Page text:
Cisco lost the plot long ago
From various people who work inside large enterprises, Cisco appears to have lost the plot quite a while ago. From personal experience, the 65xx chassis was massively underprovisioned in terms of backplane speed for the port density it provided (and this was back in 2002 when I worked at a large ISP. They haven't revised the backplane since AFAIK).
Cisco's answer? Push behaviour modules. Want your firewall in a blade? How about your IDS and IPS? Oh, and your e-mail hygiene product too!
They tried to cover up the lack of backplane bandwidth by pushing stuff that really should not be in a chassis slot in the first place. With the benefit for Cisco that they get to sell more switch chassis also!
The "cloud" companies moved off Cisco a while back, especially Google. If you take a minute to think about the way Google FS works, you'd realise why.
Re: Archaic architecture
That only applies at small scale
There is no PC on the market today that can cope with a real workload, e.g. 3xOC192 and multiple 10GBE links. The PCI Express slots just aren't designed for that.
Do you trust the SSL cert? The NSA, GCHQ, etc may be able to get a signing cert from somewhere and issue their own "fake" SSL certs on any box they like and have them accepted by the browsers as valid
Encryption without authentication is pointless
Encrypting the traffic by default is pointless unless you can authenticate that the system you think you are talking to is actually the system you want to talk to and not some intermediate spook system.
Mandatory encryption would therefore fail to solve the NSA "problem" because of the lack of trust in the authentication systems, i.e. the certificate authorities. They've been proven to be the weak points in the system before. And if people *don't* use authenticated certificates, then the mandatory encryption is pointless.
"I suggest you try SSL between client and server, with TLS between servers."
While that IN THEORY prevents snooping the message as it is transiting between servers:
- most MTA's do not enforce certificate chain validation of the certificate provided by the remote MTA, so spoofed, unsigned SSL certificates will generally be accepted
- that doesn't address the e-mail being stored outside your network border, which will invariably be in clear text (very few servers encrypt on disk, Lotus Notes being the only one I can think of and even then it's not on by default)
Clearly Tom Bakers time on screen was due to his equally long scarf.
Why on earth do they need the full content of the e-mail to pull down someones Linkedin profile? Surely all they need is the header From line, and maybe the To and CC lines if they're pulling down the profile for everyone on the e-mail?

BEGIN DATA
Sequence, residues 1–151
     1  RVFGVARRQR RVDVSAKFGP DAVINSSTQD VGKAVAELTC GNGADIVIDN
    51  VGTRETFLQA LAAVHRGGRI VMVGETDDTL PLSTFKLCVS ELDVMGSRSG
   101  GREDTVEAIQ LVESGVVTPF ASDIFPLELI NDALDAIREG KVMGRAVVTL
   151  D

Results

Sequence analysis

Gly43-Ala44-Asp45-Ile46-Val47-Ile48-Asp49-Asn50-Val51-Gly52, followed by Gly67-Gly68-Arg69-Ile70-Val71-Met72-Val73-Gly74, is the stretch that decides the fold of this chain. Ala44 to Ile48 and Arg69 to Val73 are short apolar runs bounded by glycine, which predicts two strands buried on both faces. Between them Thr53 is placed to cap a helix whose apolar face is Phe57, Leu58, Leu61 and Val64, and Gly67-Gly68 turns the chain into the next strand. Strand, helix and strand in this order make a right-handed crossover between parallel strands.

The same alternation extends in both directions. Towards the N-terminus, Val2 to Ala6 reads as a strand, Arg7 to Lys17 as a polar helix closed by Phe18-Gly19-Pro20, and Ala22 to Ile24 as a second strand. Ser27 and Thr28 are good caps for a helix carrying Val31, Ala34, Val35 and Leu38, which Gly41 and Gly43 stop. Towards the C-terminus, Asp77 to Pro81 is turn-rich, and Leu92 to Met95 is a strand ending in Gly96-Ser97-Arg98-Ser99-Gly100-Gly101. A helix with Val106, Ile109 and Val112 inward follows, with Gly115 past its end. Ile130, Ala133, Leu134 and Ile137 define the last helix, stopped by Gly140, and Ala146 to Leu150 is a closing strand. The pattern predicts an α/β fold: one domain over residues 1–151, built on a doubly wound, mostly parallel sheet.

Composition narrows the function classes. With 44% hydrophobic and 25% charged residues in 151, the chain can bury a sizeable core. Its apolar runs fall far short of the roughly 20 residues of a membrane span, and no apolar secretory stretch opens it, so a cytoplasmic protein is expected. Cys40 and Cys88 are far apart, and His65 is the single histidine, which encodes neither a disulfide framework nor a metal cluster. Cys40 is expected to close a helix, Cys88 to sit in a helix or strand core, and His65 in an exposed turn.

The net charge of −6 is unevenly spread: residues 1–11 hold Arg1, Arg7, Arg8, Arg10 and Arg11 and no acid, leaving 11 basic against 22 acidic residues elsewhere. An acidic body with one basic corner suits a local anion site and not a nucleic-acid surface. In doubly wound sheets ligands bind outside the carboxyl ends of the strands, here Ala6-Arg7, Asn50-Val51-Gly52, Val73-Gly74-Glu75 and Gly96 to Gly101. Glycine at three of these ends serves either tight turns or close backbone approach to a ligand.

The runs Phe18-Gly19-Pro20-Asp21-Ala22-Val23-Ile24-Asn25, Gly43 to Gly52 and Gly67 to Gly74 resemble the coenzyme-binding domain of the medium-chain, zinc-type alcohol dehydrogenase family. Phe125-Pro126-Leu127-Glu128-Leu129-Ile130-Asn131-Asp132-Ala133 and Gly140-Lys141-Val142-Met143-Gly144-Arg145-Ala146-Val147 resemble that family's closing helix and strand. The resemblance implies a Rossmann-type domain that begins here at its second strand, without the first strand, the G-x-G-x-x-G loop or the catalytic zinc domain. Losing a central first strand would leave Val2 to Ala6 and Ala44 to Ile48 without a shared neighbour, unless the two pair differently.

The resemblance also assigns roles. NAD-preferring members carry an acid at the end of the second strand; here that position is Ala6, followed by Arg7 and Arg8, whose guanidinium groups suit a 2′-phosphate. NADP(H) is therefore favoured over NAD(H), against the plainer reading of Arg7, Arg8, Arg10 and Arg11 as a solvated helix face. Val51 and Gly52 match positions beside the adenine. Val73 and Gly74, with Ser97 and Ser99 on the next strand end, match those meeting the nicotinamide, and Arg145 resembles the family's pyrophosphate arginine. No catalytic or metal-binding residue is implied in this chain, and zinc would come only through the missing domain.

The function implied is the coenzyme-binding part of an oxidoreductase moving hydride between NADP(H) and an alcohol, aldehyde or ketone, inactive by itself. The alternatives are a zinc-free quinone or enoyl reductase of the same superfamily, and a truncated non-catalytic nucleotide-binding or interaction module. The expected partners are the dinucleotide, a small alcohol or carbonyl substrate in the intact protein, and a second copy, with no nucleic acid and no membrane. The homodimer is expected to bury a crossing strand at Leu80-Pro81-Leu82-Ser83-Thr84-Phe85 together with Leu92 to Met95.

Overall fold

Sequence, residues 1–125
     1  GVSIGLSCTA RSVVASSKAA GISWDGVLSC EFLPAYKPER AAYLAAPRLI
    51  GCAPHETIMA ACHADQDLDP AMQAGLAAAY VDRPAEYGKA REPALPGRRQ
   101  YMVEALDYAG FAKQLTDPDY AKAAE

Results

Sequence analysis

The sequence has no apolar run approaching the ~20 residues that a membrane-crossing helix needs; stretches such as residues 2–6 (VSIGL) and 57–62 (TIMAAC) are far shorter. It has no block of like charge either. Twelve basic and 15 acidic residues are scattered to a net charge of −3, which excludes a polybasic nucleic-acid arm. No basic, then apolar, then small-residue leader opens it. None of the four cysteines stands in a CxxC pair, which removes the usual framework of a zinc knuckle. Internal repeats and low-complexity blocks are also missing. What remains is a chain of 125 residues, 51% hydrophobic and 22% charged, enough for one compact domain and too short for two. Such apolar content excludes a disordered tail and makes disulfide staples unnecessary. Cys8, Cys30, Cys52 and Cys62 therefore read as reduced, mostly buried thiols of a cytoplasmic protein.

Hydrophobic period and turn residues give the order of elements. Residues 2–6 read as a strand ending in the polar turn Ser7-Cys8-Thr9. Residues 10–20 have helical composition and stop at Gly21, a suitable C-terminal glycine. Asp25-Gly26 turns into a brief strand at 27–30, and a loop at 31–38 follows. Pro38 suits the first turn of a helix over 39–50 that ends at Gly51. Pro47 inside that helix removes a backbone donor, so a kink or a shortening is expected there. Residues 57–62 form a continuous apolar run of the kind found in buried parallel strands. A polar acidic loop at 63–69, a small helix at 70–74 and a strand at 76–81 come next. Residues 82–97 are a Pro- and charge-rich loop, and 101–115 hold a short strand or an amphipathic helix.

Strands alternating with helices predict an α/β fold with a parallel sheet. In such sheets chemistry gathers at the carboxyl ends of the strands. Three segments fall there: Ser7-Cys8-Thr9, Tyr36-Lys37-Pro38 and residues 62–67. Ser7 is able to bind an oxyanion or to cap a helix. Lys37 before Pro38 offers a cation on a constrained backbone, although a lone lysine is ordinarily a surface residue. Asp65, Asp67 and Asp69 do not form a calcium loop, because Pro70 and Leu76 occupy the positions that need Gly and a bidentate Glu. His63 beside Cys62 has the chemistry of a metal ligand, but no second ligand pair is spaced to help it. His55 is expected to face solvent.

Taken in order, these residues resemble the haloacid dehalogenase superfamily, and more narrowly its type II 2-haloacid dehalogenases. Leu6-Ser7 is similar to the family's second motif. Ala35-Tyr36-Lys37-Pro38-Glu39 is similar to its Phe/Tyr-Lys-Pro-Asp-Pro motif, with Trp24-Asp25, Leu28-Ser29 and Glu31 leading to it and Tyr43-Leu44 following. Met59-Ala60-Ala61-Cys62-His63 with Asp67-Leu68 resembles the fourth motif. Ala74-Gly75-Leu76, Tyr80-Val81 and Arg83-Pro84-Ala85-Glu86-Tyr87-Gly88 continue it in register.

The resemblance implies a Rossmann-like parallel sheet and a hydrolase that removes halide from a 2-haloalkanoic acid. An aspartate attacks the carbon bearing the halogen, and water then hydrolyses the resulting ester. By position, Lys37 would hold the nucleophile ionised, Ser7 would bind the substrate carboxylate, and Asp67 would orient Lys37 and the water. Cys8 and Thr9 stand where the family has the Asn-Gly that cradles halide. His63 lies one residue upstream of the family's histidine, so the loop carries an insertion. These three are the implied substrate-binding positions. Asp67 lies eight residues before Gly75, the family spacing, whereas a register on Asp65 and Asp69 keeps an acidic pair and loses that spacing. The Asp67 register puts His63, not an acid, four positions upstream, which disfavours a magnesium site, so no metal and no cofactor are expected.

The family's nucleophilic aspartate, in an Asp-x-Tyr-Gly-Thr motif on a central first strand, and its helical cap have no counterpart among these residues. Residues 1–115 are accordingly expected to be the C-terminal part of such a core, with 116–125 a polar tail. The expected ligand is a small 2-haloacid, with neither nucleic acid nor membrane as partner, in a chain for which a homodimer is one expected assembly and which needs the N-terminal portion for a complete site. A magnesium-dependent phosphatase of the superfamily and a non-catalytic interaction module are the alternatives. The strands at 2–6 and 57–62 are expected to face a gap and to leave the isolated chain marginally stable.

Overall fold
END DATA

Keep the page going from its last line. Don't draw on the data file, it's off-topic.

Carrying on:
If the complete e-mails pass through the Linkedin servers, then to me, the entire system is designed backwards. The client should pull down the mail to the phone and then make a request to Linkedin to see if any of the header From/To/CC addresses are recognised. End of story.
Re: What am I missing?
Yes, but HTTPS requires a valid certificate, for which you have to pay for.
Not entirely true. I've had a SSL cert, recognised by all clients I've tried so far as signed by a trusted CA, on my personal mail server for years without paying a penny for it.
So where are the "voluntary solutions" from the content industries to make their content more available? I recently tried to give them money for some content in HD just to find out it's not available in Europe. I could buy the stuff from Amazon in the USA and have it shipped over, but that's a risk since the MPAA love region locking crap for dubious reasons.
If they keep shooting themselves in the foot, they shouldn't be surprised when people go to "unofficial sources".
And maybe they should stop assuming that spending hundreds of millions of dollars on a single film will rake in the moolah. Make the films cheaper, and charge less for cinema tickets, DVD and Blu-Rays and see what that does for legal consumption.
And so it begins
Since Facebook has to make money for it's shareholders, a gradual erosion of privacy will happen to force more content to be readable by everyone so more pages can be served up and more ad revenue generated.
However, in a series of meetings in Bali last week, China took a more conciliatory tone, indicating that it was prepared to shorten the list of products it wants excluded
What are they asking for in return for their "concessions"? I doubt very much whether they are going to reduce the list of exclusions without getting something else in return....
Unicode needs to be taken out back and shot
Not just shot once, but repeatedly.
One of the principals of Unicode is to separate the character from the representation of the character. In other words, ASCII 65 (decimal) is "A". How your system chooses to display "A" is up to the system. The character is transmitted as decimal 65 no matter what the display representation is.
Unicode promptly goes on to rubbish this ideal.
Pre-Unicode Asian fonts had "full-width" representations of ASCII characters so displays that mixed ASCII and Japanese characters kept their formatting as the characters had the same width, while the usual ASCII characters were narrower and hence broke formatting.